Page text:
Stan Laurel and Oliver Hardy, proprietors of the Arthur Hurry School of Dancing, are in financial trouble despite the assistance of their friend and pupil, Trudy Harlan. One afternoon, the boys are intimidated by racketeers posing as insurance salesmen, and Ollie takes out a policy on Stan, unaware that it is worthless. The same day, Trudy goes to her father's munitions factory to visit her boyfriend, inventor Grant Lawrence. Harlan disapproves of Grant and wants Trudy to marry George Worthing, one of his executives. When the jealous Grant "accidentally" gives Worthing a minor burn, Harlan fires him. Trudy consoles Grant by inviting him, Stan and Ollie for dinner that evening after her parents and Worthing leave on a business trip. Their party is interrupted, however, when the Harlans and Worthing return unexpectedly. Stan and Ollie hide upstairs, but Harlan catches Grant in his study and orders him to stay away from Trudy. After Grant leaves, Worthing informs Harlan that the invisible, explosive ray invented by Grant looks promising, and that he may be able to obtain the plans after Grant runs out of money. After some tricky manuvering, Stan and Ollie escape from the Harlan home, but their troubles escalate the next day when their landlord threatens to evict them from the dancing academy unless they pay their rent by noon. Stan convinces Ollie to withdraw their nest egg from the bank, but through a series of misunderstandings, the boys use the money to buy a grandfather clock at an auction. The clock is destroyed by a truck as the boys attempt to carry it home, but they are soon distracted ... +


Stan Laurel and Oliver Hardy, proprietors of the Arthur Hurry School of Dancing, are in financial trouble despite the assistance of their friend and pupil, Trudy Harlan. One afternoon, the boys are intimidated by racketeers posing as insurance salesmen, and Ollie takes out a policy on Stan, unaware that it is worthless. The same day, Trudy goes to her father's munitions factory to visit her boyfriend, inventor Grant Lawrence. Harlan disapproves of Grant and wants Trudy to marry George Worthing, one of his executives. When the jealous Grant "accidentally" gives Worthing a minor burn, Harlan fires him. Trudy consoles Grant by inviting him, Stan and Ollie for dinner that evening after her parents and Worthing leave on a business trip. Their party is interrupted, however, when the Harlans and Worthing return unexpectedly. Stan and Ollie hide upstairs, but Harlan catches Grant in his study and orders him to stay away from Trudy. After Grant leaves, Worthing informs Harlan that the invisible, explosive ray invented by Grant looks promising, and that he may be able to obtain the plans after Grant runs out of money. After some tricky manuvering, Stan and Ollie escape from the Harlan home, but their troubles escalate the next day when their landlord threatens to evict them from the dancing academy unless they pay their rent by noon. Stan convinces Ollie to withdraw their nest egg from the bank, but through a series of misunderstandings, the boys use the money to buy a grandfather clock at an auction. The clock is destroyed by a truck as the boys attempt to carry it home, but they are soon distracted from their problems when Trudy asks them to help Grant. The friends concoct a plan whereby Stan and Ollie, posing as the foreign Professor Findash Gorp and his assistant, will demonstrate the ray to Harlan, who they hope will buy it. The demonstration is a disaster, as Stan and Ollie not only set the Harlan home on fire, but also destroy Grant's machine. Desperate to replace Grant's equipment, Ollie decides to engineer an accident that will break Stan's leg and allow them to collect $10,000 from the insurance policy, which they are still unaware is a fake. While Ollie roams the streets with Stan, who remains blissfully unaware of his partner's intentions, Worthing, hoping to ingratiate himself with Harlan, brings him the blueprints of Grant's invention. Horrified that Worthing would steal Grant's ideas, Harlan orders him to leave and promises Trudy that he will finance Grant's work. Ollie, meanwhile, hears a passerby say that he broke his leg while standing on a roller coaster, and takes Stan on a bus headed for the boardwalk. When a dog with white frosting on its mouth scares away the other passengers and the driver, the boys are left alone on the out-of-control bus. Stan falls out of the bus and is unharmed, but the bus bounces up onto the roller coaster track, and after a wild ride, Ollie is the one who suffers a broken leg. Later, Trudy and Grant visit the hospital where Ollie is in traction, and tell him and Stan the good news about Grant's partnership with Harlan. +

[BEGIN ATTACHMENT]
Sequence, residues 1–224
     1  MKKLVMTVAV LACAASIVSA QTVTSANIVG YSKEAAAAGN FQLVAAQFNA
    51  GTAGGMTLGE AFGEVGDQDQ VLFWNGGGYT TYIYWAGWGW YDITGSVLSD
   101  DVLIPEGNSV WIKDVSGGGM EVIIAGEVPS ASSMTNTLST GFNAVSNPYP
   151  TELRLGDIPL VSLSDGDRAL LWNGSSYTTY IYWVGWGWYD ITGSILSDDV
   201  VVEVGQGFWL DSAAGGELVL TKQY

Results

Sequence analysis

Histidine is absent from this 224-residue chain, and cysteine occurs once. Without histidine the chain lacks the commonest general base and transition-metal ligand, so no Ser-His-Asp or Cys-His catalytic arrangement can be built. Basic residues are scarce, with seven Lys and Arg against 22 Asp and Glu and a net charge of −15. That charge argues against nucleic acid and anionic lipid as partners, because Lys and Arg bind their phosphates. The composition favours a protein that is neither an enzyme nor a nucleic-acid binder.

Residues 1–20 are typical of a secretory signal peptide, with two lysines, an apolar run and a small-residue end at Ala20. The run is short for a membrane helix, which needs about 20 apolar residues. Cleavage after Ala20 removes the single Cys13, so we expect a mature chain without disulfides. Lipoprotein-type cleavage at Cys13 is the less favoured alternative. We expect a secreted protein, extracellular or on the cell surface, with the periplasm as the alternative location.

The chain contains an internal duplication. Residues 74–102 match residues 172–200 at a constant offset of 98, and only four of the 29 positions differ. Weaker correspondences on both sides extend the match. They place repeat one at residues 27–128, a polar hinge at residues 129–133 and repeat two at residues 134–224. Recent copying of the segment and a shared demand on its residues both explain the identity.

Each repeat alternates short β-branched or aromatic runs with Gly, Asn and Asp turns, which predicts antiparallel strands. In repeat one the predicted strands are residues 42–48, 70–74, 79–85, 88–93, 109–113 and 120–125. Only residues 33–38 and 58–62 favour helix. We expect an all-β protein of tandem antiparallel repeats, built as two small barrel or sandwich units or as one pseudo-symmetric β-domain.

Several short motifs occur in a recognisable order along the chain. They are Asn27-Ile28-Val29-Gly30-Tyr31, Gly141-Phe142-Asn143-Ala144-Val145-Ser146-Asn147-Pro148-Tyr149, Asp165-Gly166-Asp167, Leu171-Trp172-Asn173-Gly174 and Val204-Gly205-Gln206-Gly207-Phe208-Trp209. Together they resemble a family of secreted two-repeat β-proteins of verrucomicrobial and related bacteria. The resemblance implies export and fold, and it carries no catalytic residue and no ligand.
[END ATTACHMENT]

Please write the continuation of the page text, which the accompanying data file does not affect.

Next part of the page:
Legend
Viewed by AFI
Partially Viewed
Offscreen Credit
Name Occurs Before Title
AFI Life Achievement Award

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The American Film Institute is grateful to Sir Paul Getty KBE and the Sir Paul Getty KBE Estate for their dedication to the art of the moving image and their support for the AFI Catalog of Feature Films and without whose support AFI would not have been able to achieve this historical landmark in this epic scholarly endeavor.